Source: Tim Collins

What if pomades were programming languages?

Christian Vismara
Feb 18, 2016 · 4 min read

Among all the articles I read so far I’ve found a lot of interesting tips to hack my life. Stuff like how to increase my productivity with a tomato or weird ways to store wires in toilet paper tubes. But no one really gave me suggestions on how I could scientifically improve my choices when dealing with physical appearance.

Ok, this may sound shallow but I mean, I’m a techie guy. I deal every day with machines and complicated algorithms. I have a method for pretty much everything I do. I develop strategies, I measure performances, and I optimize procedures, but when it comes time to take a decision that requires taste, then, I’m lost.
I’m not saying that I just roll in my closet waiting for clothes to stick on me, no, but every time I choose what to wear or how to groom myself I always feel like the decisions I take are kind of random. I don’t follow any procedure, taste hasn’t been formally defined yet and this used to drive me crazy.

Then one day the epiphany: what if I could somehow simplify the decision process? What if it was possible to define rules to systematically beat the what-to-wear dilemma? What if IT and grooming tools were actually much more similar than what generations of geeks and faddists believed?

This is the story of how I came up with:

The first semi-serious decision framework for wannabe-cool science-driven guys

Yes, pomades. For a man, hair grooming is kind of like make-up for girls.
Most of them look good even without it. But they know how to use it to jump from quite pretty to stunningly gorgeous. (FYI: Women use pomade too, check here)

Feeling intrigued? Let’s start to dive deeper. First of all: what is a pomade? Wikipedia says:

Pomade (/pɒˈmeɪd/; French pommade) is a greasy or waxy substance that is used to style hair. Pomade gives the user’s hair a shiny, slick appearance, and does not dry it out. […] Stiffening properties of pomades make sculptured hairstyles such as the pompadour or quiff possible.

Here some examples on how cool you may end up looking:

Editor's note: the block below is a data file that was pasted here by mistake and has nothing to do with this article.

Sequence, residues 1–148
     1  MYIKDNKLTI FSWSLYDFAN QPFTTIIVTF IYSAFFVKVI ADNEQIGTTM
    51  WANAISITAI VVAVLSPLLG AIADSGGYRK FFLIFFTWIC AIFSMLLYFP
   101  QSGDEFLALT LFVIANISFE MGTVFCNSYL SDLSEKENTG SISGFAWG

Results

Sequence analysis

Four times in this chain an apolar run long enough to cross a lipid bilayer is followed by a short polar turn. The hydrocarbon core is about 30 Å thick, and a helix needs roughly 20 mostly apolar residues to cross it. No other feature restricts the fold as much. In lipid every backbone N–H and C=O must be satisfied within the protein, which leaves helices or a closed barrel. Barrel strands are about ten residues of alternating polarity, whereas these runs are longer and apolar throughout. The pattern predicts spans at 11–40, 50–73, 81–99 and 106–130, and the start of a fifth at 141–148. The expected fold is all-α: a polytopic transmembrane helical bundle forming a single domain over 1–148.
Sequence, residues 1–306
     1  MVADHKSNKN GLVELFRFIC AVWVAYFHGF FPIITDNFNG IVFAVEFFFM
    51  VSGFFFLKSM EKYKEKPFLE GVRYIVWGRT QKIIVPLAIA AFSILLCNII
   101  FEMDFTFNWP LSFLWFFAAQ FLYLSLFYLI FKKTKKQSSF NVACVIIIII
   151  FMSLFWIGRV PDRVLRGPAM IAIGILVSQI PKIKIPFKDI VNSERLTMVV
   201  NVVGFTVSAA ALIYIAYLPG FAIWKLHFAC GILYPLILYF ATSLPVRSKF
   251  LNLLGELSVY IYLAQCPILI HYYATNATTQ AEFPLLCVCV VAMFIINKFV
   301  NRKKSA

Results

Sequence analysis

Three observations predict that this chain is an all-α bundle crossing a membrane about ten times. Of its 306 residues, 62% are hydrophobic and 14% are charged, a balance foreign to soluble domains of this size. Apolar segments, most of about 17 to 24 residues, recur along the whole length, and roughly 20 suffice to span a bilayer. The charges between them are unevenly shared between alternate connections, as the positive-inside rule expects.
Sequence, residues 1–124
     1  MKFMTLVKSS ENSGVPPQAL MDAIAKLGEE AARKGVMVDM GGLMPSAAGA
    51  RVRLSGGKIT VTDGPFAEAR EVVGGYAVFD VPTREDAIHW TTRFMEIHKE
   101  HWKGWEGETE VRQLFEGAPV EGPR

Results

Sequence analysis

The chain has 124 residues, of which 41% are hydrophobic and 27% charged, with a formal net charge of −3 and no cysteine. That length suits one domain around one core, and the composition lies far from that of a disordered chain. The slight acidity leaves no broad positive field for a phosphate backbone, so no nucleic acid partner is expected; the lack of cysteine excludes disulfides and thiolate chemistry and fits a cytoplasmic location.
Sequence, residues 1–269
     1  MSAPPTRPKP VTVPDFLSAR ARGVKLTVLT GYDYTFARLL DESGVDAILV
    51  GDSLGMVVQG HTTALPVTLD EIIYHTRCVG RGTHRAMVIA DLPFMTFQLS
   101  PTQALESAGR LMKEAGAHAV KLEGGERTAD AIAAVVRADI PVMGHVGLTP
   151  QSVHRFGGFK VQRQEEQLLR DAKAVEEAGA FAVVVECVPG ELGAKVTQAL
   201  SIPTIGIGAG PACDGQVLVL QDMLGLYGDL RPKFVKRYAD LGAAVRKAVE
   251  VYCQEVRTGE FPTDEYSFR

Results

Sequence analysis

Source: Pinterest

I know, you’re still confused. This stuff look cool but how can I choose the right one? Elementary, my dear Watson: you just compare pomades and programming languages, finding out they have more in common than what you believed!

Murray’s Superior C. Old school, hard to master, but if people are still using it after so many tears, it must be good. For the ones that want to dive deep into pomades’ history.


Suavecito Firme HoldRuby. Very popular, works quite well and smells amazing. Unfortunately it comes with annoying fanboys.


Reuzel RedJava. Boring but hey, it works.

Source: The Pomp

Reuzel PinkC#. Same as above, but oil (Microsoft) based.


Uppercut Deluxe Matt Clay Html. The former is not a pomade as the latter is not a programming language. Easy peasy.


Layrite Super HoldPython. Easy to use, good for beginners and liked by experts. It works so good you might be tempted to skip trying the other ones. Don’t: you won’t get the complete feeling of what pomading (or programming) is.


American Crew PomadeObjective-C. Son of marketing: people use it, no one understands why. I’m waiting for them to make their own Swift.


Bonus: DIY Pomade Arduino/Raspberry Pi. Ok here I’m breaking the rules a bit. This is the pomade for Makers. If you want to know everything about what you’re wearing and feel proud about it, the Internet is full of cool tutorials. Here you can find one.


I hope my guide helped enlighting the murky world of pomades. I will come back to you soon with another chapter of the first semi-serious decision framework for wannabe-cool science-driven guys. In the meantime, I’d like know what you think about this first episode.

  1. The Pomp by @james bui
  2. The Dapper Society
  3. Cameron A’s Youtube Channel

Thanks to Patricia Keleher.

Christian Vismara

Written by

Professional Snack Thief 🍫